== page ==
Japan: Gold Dream Claims Victory In G1 Champions Cup

Four-year-old Gold Dream won this year’s Champions Cup in record-tying speed of 1:50.1, which was set by Sound True last year, to claim his second G1 title following this year’s February Stakes. He is the third horse to capture JRA’s two dirt G1 races in the same year following Wing Arrow in 2000 and Transcend in 2011.

Gold Dream debuted in December of his juvenile season, starting his career with a three-race winning streak. He registered his first graded victory in his fifth career start in the Unicorn Stakes. Posted second favorite but finishing a disappointing 12th in last year’s Champions Cup, he promptly regained his form to score his first G1 title in the February Stakes, his first start of 2017. However, the son of Gold Allure was below form thereafter, finishing 14th in his first overseas attempt in the Dubai World Cup in March, seventh in the Teio Sho and fifth in the previous Mile Championship Nambu Hai in October.

This win marked trainer Osamu Hirata’s third JRA-G1 title following the February Stakes with Gold Dream and the 2012 NHK Mile Cup with Curren Black Hill. Ryan Moore, who is here on a short-term license, registered his seventh JRA-G1 title following the 2016 Tenno Sho (Autumn) with Maurice. Gold Dream is the second sibling of Gold Allure (JPN, by Sunday Silence) to capture this race following Espoir City who won the race (Japan Cup Dirt) in 2009—the sire has also produced three February Stakes winners. The breeder Northern Farm, who has the record of the most annual JRA-G1 wins of nine which was set in 2005, 2008 and 2015, renewed the number to 10 with this win.

Breaking smoothly from stall nine, Gold Dream settled in the rearward position, around fifth from last, and made bid after rounding the last two corners two wide and taking the outer route entering the lane. The son of Gold Allure responded readily to Ryan Moore’s urging and produced an impressive late charge, breezing past tiring rivals and eventually the dueling two frontrunners nearing the wire before claiming a neck victory.

“It was a pleasure to ride the horse. He was a G1 winner already and he showed his class. He’s won both the two main G1 races on dirt in Japan so he’s rightly a champion. He had a lovely run. He was a little bit upset in the stall but he landed in a good spot, the race was very smooth for him and he showed good acceleration at the end. He’s a very talented horse. It’s a hard thing to do (to win both G1 dirt races in the same year) and hopefully, he can improve and win some more,” commented Ryan Moore.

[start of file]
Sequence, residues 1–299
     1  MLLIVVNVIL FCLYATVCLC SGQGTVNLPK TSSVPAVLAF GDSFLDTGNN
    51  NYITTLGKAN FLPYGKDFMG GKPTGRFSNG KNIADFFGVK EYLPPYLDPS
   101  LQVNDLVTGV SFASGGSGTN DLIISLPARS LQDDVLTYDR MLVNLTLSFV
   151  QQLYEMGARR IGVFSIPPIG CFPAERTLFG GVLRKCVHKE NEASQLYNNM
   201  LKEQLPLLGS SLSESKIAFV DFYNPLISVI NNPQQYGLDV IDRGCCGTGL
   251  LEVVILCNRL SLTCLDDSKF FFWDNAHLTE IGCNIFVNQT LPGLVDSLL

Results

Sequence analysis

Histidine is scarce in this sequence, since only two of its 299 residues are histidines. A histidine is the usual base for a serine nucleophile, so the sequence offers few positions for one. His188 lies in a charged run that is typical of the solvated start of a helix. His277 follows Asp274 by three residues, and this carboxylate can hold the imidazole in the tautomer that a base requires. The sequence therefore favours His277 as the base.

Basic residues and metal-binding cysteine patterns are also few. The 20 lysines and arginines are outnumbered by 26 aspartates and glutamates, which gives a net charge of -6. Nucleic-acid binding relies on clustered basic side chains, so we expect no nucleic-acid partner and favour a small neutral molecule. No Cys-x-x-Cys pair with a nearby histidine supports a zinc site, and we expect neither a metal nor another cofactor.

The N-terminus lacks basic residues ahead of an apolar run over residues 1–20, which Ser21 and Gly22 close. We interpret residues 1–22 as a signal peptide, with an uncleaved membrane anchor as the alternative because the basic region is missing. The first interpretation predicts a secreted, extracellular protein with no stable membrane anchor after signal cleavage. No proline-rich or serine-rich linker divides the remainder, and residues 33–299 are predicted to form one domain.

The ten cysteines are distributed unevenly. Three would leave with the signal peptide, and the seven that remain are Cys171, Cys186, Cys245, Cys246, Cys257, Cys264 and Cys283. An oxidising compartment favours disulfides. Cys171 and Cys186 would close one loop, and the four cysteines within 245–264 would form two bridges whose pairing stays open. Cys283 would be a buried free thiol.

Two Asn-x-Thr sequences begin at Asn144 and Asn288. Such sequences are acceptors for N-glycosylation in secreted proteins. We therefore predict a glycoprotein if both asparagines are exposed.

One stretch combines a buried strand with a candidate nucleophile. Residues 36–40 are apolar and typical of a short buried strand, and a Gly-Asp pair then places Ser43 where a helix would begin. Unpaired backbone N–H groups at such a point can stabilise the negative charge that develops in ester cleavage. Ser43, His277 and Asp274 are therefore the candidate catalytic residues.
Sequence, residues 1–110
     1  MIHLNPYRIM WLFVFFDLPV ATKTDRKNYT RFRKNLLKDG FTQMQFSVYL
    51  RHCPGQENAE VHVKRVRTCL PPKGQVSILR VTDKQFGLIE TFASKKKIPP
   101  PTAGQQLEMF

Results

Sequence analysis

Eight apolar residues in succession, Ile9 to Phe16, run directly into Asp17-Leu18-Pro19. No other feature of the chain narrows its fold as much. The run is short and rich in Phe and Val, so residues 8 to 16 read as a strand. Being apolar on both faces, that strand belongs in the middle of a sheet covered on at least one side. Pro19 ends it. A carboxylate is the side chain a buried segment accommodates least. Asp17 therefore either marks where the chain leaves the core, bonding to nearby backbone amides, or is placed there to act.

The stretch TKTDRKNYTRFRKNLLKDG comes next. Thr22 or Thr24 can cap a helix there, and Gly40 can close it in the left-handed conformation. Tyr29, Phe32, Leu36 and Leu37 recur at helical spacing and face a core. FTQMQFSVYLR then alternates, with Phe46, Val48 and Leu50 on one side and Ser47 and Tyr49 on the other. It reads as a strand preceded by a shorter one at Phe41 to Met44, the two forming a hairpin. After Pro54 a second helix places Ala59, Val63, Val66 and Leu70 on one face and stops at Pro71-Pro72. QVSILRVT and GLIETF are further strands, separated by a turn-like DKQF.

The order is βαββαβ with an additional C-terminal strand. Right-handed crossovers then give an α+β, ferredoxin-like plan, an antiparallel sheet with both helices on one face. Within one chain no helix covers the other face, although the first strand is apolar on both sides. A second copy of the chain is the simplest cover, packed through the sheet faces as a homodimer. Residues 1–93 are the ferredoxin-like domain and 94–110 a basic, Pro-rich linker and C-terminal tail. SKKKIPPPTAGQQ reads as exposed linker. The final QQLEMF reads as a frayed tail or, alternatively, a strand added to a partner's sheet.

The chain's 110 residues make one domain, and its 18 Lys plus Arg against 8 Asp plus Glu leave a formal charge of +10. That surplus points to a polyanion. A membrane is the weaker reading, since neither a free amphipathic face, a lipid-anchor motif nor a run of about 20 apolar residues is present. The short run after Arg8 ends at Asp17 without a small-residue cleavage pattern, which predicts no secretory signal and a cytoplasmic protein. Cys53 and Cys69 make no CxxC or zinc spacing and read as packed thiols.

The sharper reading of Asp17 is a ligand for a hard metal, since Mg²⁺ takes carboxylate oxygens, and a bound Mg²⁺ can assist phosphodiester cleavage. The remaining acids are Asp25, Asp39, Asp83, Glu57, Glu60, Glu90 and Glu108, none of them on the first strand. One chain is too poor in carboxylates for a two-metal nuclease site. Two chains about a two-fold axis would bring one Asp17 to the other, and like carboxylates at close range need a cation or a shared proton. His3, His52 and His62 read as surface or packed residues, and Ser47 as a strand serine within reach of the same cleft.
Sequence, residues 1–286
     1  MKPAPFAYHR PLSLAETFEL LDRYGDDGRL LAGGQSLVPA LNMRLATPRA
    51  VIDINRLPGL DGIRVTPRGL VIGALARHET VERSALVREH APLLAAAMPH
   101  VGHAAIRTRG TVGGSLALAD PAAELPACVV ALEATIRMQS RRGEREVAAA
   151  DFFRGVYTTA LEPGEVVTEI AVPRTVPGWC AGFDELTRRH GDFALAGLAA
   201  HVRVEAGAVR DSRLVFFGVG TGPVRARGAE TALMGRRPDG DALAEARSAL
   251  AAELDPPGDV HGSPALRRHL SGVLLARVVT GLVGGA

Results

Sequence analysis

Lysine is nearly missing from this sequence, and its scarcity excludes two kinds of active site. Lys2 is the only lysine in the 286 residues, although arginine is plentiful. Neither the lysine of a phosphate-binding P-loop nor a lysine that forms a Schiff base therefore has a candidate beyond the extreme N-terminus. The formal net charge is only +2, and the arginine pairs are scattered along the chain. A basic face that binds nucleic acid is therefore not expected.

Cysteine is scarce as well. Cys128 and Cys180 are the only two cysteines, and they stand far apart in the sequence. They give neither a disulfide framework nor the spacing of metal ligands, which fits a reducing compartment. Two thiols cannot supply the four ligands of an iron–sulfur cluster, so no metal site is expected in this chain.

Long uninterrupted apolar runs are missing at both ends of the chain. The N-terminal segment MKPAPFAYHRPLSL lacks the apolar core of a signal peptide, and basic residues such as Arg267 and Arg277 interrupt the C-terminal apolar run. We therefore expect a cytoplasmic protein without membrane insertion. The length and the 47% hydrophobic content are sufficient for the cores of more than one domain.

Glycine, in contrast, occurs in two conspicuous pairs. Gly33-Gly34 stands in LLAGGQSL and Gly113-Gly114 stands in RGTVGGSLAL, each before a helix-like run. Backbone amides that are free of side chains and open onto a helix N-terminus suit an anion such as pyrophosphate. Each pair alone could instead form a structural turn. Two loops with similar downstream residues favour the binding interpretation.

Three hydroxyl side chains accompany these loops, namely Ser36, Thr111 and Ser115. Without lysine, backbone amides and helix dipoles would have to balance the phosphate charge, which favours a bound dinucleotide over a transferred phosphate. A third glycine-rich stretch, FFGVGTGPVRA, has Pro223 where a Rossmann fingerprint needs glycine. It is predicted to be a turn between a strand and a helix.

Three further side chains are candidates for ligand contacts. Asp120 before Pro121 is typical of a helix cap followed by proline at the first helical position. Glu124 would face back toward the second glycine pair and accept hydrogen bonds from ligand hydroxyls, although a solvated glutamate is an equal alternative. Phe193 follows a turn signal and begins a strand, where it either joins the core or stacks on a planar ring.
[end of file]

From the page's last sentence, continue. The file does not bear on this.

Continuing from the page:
Odds-on-favorite T M Jinsoku, who surged out from stall 13 to press the pace behind Copano Rickey in second, dueled strongly with the frontrunner in the stretch and, though managing to nail the front 50 meters out, was overtaken by Gold Dream in the last stride. “It was his first G1 attempt but he ran really well to the end and I thought we had won. He was able to show his best against G1 horses so I’m looking forward to his performances going forward,” commented Yoshihiro Furukawa.

Ninth pick Copano Rickey, rushing out from the innermost draw to set the pace, continued to hold on well in the lane and dueled strongly with the race favorite in the stretch but fell back in the last strides while also being overtaken by Gold Dream before the wire to finish a neck behind the runner-up in third. “We were able to set the pace in good rhythm and race in an ideal style,” said Hironobu Tanabe.

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